Usually when I read or hear this parable, I side with those first workers. I've gone to church my whole life. I spend a lot of time on church work. It just doesn't seem fair that someone can come along at the last minute and receive my reward. Anyone else ever feel like that? And Jesus certainly understands that. He includes it in his parable, “they grumbled against the landowner, saying, ‘These last worked only one hour, and you have made them equal to us.” But I don't believe we need to be stuck with those feelings. We all are undeserving recipients of the landowners generosity and grace. That is the point.
Jesus gives us something we cannot get on our own. You don't need to be a rocket scientist to see that Jesus provides us the hope to live in this often hopeless seeming world. It was said in last week's bible study that Christianity is the simplest thing in the world—believe and be saved. It is also the most difficult as we seek to live as Christ would have us. Sanctification; being made more Christ-like, How do we live in a world where the powerless—like those workers in the parable—live at the mercy of the powerful? Most landowners in this world do not act like the man in the parable. Our lives should be working for justice for the least powerful in the world. When we imagined we were workers waiting to be hired, we had no power. We were at the mercy of the powerful landowners. Justice for the powerless? I took a peak at our denominations website on justice and this list of objectives was there: Protect children from all forms of abuse; End human trafficking; Amplify the voices of those society marginalizes, Challenge systems of oppression and discrimination; Stand with those who seek livable wages. This certainly fits in with today's message... and with our gathering on Tuesday! We, acting as Christ's hands and feet, gather our community together to talk about how we can bring safety and justice to the most vulnerable among us. Patty Wetterling is our speaker. But think of Jesus. He came to earth and taught mostly among the vulnerable of his world; the lepers, the sick, the prostitutes, the tax collectors, the poor, the children—those the world deemed unqualified for God's kingdom. So as responsible citizens in this world and in God's kingdom, we work to make our children, those closest to the heart of God, safe and loved. That is working for justice, that is being like Christ. We don't often get a chance to make a big difference in our world. I believe this is big. And we seek to bring glory to the Lord in our work. We don’t do this to earn God's favor; we do it because God has already shown us His favor. Favor that overwhelms us, grace beyond measure. Let's pray:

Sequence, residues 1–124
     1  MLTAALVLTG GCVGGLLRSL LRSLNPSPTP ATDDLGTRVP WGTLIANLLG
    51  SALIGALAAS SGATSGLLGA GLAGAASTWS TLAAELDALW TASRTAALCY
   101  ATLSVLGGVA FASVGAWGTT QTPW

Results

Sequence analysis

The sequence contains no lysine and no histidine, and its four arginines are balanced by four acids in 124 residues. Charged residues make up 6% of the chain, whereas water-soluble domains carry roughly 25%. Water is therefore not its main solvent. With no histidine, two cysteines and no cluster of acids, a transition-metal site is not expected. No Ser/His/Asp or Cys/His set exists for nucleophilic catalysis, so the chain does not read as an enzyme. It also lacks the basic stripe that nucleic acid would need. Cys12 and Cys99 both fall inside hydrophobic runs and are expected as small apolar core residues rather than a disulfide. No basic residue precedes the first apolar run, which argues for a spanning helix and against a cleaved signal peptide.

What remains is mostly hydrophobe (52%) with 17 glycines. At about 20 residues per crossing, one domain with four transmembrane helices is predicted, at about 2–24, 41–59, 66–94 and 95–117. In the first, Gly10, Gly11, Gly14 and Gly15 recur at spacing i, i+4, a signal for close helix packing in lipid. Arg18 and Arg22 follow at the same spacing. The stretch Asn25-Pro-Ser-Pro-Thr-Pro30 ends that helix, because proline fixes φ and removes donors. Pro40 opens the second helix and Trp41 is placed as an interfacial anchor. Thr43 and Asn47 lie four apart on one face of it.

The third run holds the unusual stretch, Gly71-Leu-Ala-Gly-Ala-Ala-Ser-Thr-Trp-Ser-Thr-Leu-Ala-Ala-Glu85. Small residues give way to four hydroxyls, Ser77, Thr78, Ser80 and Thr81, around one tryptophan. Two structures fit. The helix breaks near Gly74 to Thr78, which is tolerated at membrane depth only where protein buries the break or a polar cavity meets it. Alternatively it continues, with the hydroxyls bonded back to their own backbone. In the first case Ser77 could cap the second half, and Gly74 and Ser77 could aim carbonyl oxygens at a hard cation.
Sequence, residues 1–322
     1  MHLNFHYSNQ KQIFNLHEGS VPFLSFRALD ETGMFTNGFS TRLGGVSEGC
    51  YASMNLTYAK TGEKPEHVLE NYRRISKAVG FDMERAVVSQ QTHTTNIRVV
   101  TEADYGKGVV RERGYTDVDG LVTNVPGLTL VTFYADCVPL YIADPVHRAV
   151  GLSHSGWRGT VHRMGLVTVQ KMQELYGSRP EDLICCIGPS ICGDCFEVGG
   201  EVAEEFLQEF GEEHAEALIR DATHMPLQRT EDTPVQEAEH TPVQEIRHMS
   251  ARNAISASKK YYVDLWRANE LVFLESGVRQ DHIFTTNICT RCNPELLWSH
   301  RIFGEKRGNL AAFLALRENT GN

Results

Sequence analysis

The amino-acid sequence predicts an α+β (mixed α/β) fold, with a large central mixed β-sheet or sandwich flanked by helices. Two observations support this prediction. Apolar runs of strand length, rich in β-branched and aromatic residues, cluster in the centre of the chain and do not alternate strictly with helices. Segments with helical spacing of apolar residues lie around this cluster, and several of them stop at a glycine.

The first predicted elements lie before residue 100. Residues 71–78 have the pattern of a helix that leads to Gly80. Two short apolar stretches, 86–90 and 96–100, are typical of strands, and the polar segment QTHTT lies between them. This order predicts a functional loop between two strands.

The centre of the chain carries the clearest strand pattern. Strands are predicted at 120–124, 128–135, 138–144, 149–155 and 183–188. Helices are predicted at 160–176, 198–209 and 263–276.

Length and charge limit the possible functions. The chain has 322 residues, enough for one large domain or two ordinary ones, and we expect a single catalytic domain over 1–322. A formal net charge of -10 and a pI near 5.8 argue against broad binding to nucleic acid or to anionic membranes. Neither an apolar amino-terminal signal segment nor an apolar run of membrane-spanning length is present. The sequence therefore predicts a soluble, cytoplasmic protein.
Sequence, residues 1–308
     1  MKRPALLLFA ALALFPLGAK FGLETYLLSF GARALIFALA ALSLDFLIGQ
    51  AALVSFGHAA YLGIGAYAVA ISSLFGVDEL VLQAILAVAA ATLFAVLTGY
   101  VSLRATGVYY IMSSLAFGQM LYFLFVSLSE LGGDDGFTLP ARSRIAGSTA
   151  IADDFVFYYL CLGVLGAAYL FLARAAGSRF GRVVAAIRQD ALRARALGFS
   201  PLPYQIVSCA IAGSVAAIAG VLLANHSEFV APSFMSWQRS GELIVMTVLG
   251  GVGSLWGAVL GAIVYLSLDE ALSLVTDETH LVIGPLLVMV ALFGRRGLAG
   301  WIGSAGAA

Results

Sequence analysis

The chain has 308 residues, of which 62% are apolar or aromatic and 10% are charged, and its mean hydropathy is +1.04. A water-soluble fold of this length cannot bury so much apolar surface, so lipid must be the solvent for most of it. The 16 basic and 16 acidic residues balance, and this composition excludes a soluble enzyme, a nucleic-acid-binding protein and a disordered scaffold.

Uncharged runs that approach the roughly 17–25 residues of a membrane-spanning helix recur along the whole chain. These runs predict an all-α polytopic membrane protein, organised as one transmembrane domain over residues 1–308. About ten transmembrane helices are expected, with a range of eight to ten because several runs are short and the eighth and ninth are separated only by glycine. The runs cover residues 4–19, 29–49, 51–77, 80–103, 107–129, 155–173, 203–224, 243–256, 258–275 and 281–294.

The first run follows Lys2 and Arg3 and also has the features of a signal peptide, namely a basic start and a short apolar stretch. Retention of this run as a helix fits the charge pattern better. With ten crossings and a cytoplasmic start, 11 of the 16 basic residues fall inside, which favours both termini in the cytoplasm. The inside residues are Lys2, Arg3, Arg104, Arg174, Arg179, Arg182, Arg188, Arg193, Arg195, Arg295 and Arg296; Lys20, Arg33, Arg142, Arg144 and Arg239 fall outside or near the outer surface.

Thank you God, for your great grace and your faithfulness. Forgive us if we are ever tempted to take your gift of salvation for granted. You are the good landowner who calls us to work in your vineyards, the world. May we work for justice in this world and show compassion to those in need. Lead us to live in such a way the we bring glory to your name. Amen.
Hymn: 'Tis So Sweet to Trust in Jesus 312 HLC